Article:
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Swaziland Workers to Embark on Strike Action Wednesday


Workers and students in Swaziland are expected to embark on a two-day indefinite strike action starting today (Wednesday) to press home their demand for a multi-party democracy. Although the government of King Mswati III recently introduced a new constitution, the strike leaders say political parties are still not allowed to contest general elections scheduled for next year. They are therefore demanding the introduction of a genuine system of democracy. Meanwhile the government has warned the workers against the industrial action, saying they stand a chance of losing their jobs.

Vincent Ncongwane is one of the strike leaders. He told VOA that the government would not intimidate them.

“There are three things that we are asking of this government. The first one is that we want the government to amend the text legislation. The second thing is, we have in Swaziland the provident fund. But we want the legislation to be amended to allow people who are retrenched to access their benefits under that fund. We want people to access this benefit on submission of a letter from their employer concerning their retrenchment. The last thing, Swaziland next year is going to be facing parliamentary elections, and we are saying we want to see those parliamentary elections allowing people to be elected on the basis of a political party ticket, ” Ncongwane pointed out.

He said it is not enough for the government to tell the public they have a bill of right under the new constitution.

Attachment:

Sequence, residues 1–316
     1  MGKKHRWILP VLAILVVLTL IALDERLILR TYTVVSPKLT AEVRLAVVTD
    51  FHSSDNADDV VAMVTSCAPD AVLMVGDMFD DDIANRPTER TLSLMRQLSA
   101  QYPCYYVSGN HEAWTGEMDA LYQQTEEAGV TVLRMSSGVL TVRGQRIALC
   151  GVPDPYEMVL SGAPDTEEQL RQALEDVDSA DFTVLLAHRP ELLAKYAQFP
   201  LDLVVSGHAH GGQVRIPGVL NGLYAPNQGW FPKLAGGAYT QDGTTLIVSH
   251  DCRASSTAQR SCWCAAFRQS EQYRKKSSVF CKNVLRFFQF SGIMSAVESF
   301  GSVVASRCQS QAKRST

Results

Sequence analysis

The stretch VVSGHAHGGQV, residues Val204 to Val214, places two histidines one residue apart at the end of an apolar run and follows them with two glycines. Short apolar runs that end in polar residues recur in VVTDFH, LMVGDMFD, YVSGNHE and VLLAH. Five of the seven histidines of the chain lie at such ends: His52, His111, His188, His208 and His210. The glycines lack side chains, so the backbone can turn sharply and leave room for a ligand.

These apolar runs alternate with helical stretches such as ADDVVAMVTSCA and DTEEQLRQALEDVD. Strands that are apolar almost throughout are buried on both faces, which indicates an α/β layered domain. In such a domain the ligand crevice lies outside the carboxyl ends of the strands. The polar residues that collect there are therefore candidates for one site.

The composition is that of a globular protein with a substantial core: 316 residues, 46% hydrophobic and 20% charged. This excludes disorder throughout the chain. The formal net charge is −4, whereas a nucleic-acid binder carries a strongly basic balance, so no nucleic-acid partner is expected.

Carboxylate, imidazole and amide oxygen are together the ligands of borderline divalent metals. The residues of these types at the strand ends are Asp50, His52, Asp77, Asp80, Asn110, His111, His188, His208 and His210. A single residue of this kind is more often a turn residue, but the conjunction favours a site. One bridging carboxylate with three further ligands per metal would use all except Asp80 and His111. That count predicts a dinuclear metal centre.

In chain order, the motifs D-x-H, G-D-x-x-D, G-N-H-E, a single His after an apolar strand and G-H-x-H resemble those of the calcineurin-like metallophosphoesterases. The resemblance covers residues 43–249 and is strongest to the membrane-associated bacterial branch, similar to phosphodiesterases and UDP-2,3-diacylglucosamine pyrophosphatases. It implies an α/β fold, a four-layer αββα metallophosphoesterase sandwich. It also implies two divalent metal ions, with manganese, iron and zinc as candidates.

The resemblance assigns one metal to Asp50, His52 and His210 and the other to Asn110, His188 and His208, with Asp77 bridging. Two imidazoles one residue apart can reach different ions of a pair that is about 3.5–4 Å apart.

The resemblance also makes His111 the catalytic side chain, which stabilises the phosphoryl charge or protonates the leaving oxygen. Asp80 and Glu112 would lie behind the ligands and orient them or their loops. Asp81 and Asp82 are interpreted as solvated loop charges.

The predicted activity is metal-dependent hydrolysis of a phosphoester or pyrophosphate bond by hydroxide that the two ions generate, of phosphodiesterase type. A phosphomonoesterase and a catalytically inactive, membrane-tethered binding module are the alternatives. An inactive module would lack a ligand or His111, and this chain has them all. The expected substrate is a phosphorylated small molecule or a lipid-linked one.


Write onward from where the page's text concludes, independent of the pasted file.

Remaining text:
“We have always said to government the issue of saying we’ve got a bill of right. But as things stand now, it is no more as to whether political parties are legal in Swaziland. Government itself has said that is a matter to be determined by the court. We are saying this issue… is okay on other things, but when you deal with the issue real participation within the constitution. The issue of individual merit, which is section 79 of the constitution makes a mockery of the very issue of freedom to associate,” he said.

Ncongwane said it was unfortunate that Swaziland is the only country within the sub-region that has so far refused attempts at multi-party democracy.

“In so far as Swaziland is a signatory to the SADC (Southern African Development Community) protocol on elections, which protocol even allows the funding of political parties, the question we ask ourselves is, why did they become part of that particular protocol when they know very well that in terms of the system in Swaziland, it is a mockery to talk of political parties? In fact at best it is a social club. So we are asking the government to honor its signature,” Ncongwane said.

Ncongwane said even though the government has so far resisted any attempt at democracy, the public would not rest until the country becomes democratic.

“We are aware there would be resistance, but what we cannot do is to sit back and fold our hands. We believe that we cannot be just the only ones in the region who are without a multiparty system,” he said.